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After constructing a home, builders push soil, or “backfill,” into the void around the basement or crawlspace. Over time, this backfill settles, creating a negative grade against the foundation.
Downspout water and other surface water saturates these areas and might even pool around the structure during wet weather. In many cases, you can’t see this water until it enters your basement or crawlspace.
The problem is the negative grade against the structure, which was caused by settlement of the backfill. The negative grade leads to an increase in hydrostatic pressure against your foundation – and water damage inside your home.
How backfill restoration helps
- Reduces or completely eliminates hydrostatic pressure around your foundation, a condition that can cause water to enter your home
- Helps prevent wet basements and crawlspaces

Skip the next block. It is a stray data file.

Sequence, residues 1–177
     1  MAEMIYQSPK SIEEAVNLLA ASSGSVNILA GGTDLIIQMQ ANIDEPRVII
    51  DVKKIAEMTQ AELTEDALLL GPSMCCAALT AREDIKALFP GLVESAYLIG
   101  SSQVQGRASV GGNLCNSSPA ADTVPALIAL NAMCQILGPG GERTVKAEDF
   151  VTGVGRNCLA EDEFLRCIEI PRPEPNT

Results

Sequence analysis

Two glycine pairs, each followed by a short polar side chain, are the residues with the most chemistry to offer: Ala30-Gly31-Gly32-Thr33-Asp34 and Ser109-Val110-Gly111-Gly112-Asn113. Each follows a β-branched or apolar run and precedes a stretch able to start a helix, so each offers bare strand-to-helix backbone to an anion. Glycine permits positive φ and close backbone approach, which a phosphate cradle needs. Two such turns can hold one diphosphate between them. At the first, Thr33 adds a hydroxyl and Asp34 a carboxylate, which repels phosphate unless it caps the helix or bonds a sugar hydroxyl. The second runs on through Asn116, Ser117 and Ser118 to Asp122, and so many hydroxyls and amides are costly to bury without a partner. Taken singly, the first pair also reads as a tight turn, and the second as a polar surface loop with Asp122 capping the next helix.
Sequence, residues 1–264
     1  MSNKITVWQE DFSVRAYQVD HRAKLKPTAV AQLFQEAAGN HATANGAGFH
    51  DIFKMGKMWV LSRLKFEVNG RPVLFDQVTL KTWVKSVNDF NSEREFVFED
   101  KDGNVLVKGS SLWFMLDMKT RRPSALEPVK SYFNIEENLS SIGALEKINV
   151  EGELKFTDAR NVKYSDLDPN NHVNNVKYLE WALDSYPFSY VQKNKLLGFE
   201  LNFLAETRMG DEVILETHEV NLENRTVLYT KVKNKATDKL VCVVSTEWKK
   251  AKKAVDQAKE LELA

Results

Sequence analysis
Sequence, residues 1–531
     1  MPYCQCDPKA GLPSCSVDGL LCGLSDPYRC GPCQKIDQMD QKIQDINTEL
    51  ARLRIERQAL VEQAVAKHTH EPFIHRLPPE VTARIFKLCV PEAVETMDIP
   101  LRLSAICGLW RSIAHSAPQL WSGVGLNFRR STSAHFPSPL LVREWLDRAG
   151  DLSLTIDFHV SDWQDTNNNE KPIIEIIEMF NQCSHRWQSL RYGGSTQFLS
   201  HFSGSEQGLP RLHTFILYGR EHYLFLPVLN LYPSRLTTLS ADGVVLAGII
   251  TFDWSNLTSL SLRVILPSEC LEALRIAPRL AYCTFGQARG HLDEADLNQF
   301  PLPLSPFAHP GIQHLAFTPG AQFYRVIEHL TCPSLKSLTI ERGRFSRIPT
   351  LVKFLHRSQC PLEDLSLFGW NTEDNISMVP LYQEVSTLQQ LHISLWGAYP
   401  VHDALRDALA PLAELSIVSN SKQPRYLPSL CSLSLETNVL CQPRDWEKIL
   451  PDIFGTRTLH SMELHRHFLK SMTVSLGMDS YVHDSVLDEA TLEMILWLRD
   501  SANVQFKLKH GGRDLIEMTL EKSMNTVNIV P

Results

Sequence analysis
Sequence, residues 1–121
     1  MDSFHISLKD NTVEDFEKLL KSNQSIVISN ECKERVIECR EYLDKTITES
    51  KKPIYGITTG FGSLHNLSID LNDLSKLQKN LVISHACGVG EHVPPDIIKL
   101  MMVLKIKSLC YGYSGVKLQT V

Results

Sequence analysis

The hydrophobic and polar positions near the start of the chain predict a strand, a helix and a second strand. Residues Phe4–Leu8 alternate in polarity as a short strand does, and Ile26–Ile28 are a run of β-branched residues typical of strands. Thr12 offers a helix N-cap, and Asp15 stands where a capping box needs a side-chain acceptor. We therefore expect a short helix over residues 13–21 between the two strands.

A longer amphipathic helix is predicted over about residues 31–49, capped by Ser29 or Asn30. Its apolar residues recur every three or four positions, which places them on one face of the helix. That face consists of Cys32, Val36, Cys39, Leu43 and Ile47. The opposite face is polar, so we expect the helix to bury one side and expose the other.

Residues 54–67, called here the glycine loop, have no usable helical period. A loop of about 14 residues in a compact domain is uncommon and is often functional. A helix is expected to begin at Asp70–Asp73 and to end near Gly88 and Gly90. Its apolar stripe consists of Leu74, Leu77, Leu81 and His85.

- Encourages stormwater to flow away from your home’s foundation
Restoring backfill works wonders
In an effort to relieve hydrostatic pressure, builders typically install a foundation drain beneath backfill. However, these drains provide minimal protection and quickly become obstructed and non-operational. They don’t last long – only 5 to 10 years.
If your home is 7 to 10 years old or you have some form of water entry, you may need to restore the backfill to re-create a positive grade. That way, stormwater can flow away from your home, not toward it. And you won’t have to worry about water entering your basement or crawlspace.
Restructure the Land
Restoring proper backfill conditions is one of the most common land restructuring tactics we apply to keep water out of basements and crawlspaces.
Stormwater Collection & Removal
Backfill restoration often goes hand-in-hand with stormwater collection and removal. Proper backfill provides an additional and necessary layer of security to reduce hydrostatic pressure around your foundation.